A Whangarei woman using a multitude of fake profiles on Facebook scammed people of nearly $12,000 for concert tickets which never existed
Bells Pou, Lulu Amberlee, Abby Knight, Lydia Mark and Hannah Johnson were some of the names 22-year-old Lulu Amberlee Pou, of Raumanga, used when she sold fake tickets through Facebook to Rhythm and Vines, Ed Sheeran, Bruno Mars and Macklemore concerts.
She sold tickets between October 2017 and February 2018. Her cover was blown when more than 25 victims contacted police and an investigation revealed her scam.
Pou failed to appear in Whangarei District Court on Friday for sentencing and a warrant was issued for her arrest.
She had previously pleaded guilty to 25 charges of obtains by deception, with 13 of the charges relating to amounts under $500 and 12 charges to amounts between $500 and $1000.
Pou communicated with people wanting the tickets through Facebook Messenger, giving them a bank account to pay the money into. Once the payment was received, Pou cut all communication and the concert tickets never arrived.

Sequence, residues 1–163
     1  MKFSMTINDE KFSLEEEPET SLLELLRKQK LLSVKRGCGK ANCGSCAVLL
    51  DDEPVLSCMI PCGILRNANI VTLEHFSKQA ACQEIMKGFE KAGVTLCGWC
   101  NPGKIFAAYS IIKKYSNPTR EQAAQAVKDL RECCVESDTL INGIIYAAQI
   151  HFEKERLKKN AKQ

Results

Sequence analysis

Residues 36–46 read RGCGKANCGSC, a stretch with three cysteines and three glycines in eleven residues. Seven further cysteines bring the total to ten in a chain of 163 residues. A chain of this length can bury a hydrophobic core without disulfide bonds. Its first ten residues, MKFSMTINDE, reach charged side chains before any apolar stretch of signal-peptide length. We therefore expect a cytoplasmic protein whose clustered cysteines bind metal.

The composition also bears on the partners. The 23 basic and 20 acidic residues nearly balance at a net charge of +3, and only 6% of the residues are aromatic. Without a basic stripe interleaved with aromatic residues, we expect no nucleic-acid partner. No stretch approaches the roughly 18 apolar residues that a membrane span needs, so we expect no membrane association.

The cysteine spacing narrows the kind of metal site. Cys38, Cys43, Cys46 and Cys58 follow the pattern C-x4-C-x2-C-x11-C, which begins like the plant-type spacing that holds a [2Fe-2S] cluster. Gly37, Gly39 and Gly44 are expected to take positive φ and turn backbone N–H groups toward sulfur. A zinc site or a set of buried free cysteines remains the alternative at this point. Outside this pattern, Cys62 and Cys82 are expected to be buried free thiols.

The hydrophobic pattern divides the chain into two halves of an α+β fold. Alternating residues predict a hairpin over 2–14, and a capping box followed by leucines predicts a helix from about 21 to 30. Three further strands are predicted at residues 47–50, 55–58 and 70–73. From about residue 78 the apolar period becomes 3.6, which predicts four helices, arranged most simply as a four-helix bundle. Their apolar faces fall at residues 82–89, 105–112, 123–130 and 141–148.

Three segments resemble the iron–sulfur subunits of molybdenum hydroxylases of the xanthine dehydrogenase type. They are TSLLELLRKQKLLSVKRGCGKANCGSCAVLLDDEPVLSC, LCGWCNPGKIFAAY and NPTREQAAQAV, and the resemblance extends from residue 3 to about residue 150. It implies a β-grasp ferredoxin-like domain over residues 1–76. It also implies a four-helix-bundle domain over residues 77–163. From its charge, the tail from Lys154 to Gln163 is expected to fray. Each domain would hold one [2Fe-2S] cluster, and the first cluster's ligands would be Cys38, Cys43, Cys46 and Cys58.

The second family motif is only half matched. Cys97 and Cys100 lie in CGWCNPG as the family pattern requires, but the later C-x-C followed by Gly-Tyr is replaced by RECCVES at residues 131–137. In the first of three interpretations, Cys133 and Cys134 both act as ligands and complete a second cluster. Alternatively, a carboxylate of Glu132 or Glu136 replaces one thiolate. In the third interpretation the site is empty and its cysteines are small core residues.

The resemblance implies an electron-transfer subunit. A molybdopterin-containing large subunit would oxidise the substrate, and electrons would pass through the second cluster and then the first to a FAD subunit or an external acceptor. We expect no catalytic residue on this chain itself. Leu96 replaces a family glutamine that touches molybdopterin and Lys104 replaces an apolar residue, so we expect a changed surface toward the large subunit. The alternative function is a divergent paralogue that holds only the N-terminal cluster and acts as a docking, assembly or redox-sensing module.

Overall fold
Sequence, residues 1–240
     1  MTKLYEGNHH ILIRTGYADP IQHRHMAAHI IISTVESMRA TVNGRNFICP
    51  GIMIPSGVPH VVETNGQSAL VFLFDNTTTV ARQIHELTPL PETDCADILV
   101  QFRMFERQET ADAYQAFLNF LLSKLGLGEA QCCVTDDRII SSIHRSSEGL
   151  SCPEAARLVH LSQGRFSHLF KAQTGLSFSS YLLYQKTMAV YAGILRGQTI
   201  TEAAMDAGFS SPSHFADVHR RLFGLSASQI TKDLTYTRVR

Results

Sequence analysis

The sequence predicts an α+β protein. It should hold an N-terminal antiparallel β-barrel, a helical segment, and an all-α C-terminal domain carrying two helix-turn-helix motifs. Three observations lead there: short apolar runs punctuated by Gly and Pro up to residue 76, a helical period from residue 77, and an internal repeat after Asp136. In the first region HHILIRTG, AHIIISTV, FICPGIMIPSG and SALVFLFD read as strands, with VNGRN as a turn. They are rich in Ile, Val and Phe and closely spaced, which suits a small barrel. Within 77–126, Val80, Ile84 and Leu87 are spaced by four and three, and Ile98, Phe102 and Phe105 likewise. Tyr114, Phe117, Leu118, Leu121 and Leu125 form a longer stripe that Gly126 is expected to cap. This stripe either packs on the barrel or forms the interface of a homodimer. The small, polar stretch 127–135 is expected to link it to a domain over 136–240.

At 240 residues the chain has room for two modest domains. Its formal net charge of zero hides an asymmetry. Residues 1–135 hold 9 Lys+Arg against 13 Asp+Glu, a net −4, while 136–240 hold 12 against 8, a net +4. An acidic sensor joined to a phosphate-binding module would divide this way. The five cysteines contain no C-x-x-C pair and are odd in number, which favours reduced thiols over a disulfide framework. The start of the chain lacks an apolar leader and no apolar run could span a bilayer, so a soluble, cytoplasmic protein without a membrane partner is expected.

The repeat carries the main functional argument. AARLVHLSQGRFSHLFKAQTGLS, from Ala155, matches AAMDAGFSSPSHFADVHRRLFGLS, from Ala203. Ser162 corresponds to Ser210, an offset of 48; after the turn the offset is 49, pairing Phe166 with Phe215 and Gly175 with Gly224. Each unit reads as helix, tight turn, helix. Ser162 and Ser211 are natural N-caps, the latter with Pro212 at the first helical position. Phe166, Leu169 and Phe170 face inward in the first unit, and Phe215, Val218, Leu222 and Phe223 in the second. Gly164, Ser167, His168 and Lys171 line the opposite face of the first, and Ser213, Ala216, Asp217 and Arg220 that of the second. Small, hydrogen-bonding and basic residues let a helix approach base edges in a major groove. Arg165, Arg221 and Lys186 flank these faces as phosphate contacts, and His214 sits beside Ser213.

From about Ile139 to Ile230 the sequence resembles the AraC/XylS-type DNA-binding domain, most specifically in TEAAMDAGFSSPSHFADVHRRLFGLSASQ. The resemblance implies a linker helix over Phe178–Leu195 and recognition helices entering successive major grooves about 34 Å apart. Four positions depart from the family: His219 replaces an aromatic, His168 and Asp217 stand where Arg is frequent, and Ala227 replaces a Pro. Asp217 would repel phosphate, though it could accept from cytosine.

Pou sold two tickets to Rhythm and Vines for $1100 to one victim and tickets to Ed Sheeran cost another victim $380, while another dished out $525 for three tickets to Bruno Mars.
Pou told police she used two of her own Facebook pages as well as creating fake profiles to fraudulently obtain the money.
Police said concert tickets were hot items but so too were stolen cell phones and tablets.
"If it's a deal that looks too good to be true on Facebook then it probably involves stolen items," Sergeant Grant Rouse, of Whangarei Police, said.
Rouse said excessive amounts of stolen phones were being offered for sale on Facebook and police had noted an increase in the amount of stolen property being offered through social media groups and pages.
"Buyer beware. If you are going to deal with people on Facebook, get a contact number for them and organise a face-to-face pick up if possible. Ideally view and inspect items before paying or there is any exchange of money."
"If they are saying its new and an unwanted gift, they should have a receipt to prove if was purchased."
Police had also noted people were using plenty of fake identities when they were selling items.